Frequently Asked Questions
Internal and external power.
Internal and external power
Instruments with an external data connection, such as RS-232 or RS-485 (FD) include the option of externally powering the instrument.
Choose the right sensor.
Choosing the right sensor for your application
At the time of manufacture, we can use any one of the following options for the depth channel:
- For the plastic case, select from 0 to 20, 50,100, 200, 500, or 1000 (all in metres of water). Please note the plastic housing itself has a maximum pressure range of 740m, so even though a 1000m transducer may be selected, the maximum depth of deployment will be 740m to avoid breaching the housing.
- For the titanium case, select from 0 to 1000, 2000, 4000, 6000 or 10,000 metres
These are all nominal full scale ranges, and the accuracy of the pressure measurement will be 0.05% of this full scale range. For example, if you have a full scale of 500 metres, the accuracy of the pressure measurement is 0.05*500/100 or 0.25m.
The selection is complicated by another factor: each range has a maximum beyond which it should not be used. This is called the “proof pressure”, and it is the range up to which the pressure sensor can be deployed without causing permanent damage to the transducer. Between the full scale pressure and the proof pressure, the sensor may or may not function properly, but once the instrument returns to a depth shallower than the full scale range, normal operation will resume.
|Full Scale Range (m)||Absolute Maximum Pressure (m)|
|500||740 (limited by housing)|
|1000 (plastic)||740 (limited by housing)|
Sometimes there are different terms which mean the same thing. Turbidity is a quantity measured by optical back-scatter of light and OBS stands for Optical Back-Scatter. TSS or Total Suspended Solids is also a quantity measured using optical back scattering.
Turbidity and TSS are essentially the same parameter. Although turbidity purports to measure approximately the same water quality property as TSS, the latter is more useful because it provides an actual weight of the particulate material present in the sample. The relationship between turbidity and TSS (total suspended solids) depends on the nature of the solids, but all turbidity sensors measure optical back scatter.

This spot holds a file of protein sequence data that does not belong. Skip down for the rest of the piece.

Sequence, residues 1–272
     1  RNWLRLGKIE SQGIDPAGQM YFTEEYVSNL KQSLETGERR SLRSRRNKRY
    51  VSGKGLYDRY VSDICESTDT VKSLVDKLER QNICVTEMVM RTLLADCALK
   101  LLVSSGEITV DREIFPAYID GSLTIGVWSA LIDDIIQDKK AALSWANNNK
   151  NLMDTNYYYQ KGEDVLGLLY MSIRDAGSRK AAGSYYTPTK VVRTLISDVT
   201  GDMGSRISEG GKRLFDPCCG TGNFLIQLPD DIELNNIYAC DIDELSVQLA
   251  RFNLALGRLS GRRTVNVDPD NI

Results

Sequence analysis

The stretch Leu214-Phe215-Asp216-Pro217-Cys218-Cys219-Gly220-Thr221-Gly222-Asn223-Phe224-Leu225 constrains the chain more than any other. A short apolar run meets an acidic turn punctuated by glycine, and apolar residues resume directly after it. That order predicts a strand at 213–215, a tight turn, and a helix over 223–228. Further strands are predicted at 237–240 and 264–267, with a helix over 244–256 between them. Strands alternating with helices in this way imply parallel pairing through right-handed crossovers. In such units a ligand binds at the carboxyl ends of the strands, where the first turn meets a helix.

Here is the description from the Seapoint site:
“The Seapoint Turbidity Meter is a very low-power, miniature sensor that detects light scattered by particles suspended in water, generating an output voltage proportional to turbidity or suspended solids.”
And here is the description from the D&A site:
“The OBS®-3+ sensor measures suspended solids and turbidity by the optical back-scatter method (ASTM 6677). It features a compact micro probe that responses almost linearly over a 1000-fold change in sediment concentration (SSC) and turbidity.”
It amounts to exactly the same thing. The responsibility for calibration from turbidity to TSS in either case rests with the user.
It depends on your application and budget. Both the galvanic cell sensor and the optode sensor are accurate instruments. The optode is more expensive than the galvanic cell sensor, but long term can be more stable, and does not require periodic refurbishment and recalibration. The Oxyguard has a lower initial cost, but does require periodic refurbishment and recalibration by the end user to ensure it is accurate measurements. Normally for short duration deployments we recommend the galvanic sensor, but for deeper and longer deployments, we recommend the optode.
Yes we offer two types, one is a strain gauge and the other is a quartz crystal. The strain gauge is what we recommend for most applications as it has an accuracy of 0.05% full scale accuracy, while the quartz sensor has an accuracy of 0.01% full scale. So depending on the accuracy of the depth you need the choice should be based on these characteristics.
When we can we try to offer sensors in different price and accuracy categories or for special purposes.
In the case of the DO sensors we offer a Galvanic cell sensor and an Optode. The galvanic cell sensor is less expensive than the optode but requires more routine maintenance to keep it operating effectively.
With regard to the fluorometers, our standard offering is either the Turner Cyclops-7 and the Seapoint fluorometer. The selection depends on the depth rating required 6000m or 600m and the range (µg/l) of the measurement (up to 150 µg/l or 500 µg/l), as well as pricing and power requirements. The Turner sensor is a less expensive sensor, but does have higher power requirements which would limit possible deployment life for deployments without external power supply to the instrument.
Logger differences and configurations.
Configuration options and their availability
RBR prides itself on the flexibility of its products. While not all configurations are possible due to mechanical or electronic requirements, we are happy to review any sensor requirements to determine feasibility.
Ruskin, its predecessors, and more.
RBR Ruskin Software and its predecessors
The firmware on our latest generation of instruments (RBRvirtuoso/duo/concerto/maestro, RBRsolo/duet) is field upgradable through our Ruskin software. If you are running Ruskin on a computer connected to the internet, and plug in a logger, Ruskin will automatically check if a new firmware version is available, and will ask you if you would like to upgrade your logger. You can also manually upgrade the firmware in Ruskin, under the Instruments menu, select Upgrade logger firmware.
Firmware updates for legacy instruments such as the XR series or TDR instruments may not be possible depending on the age of the instrument. If the firmware can be updated, it will require the instrument to be returned to the factory, and the upgrade would be a chargeable service item.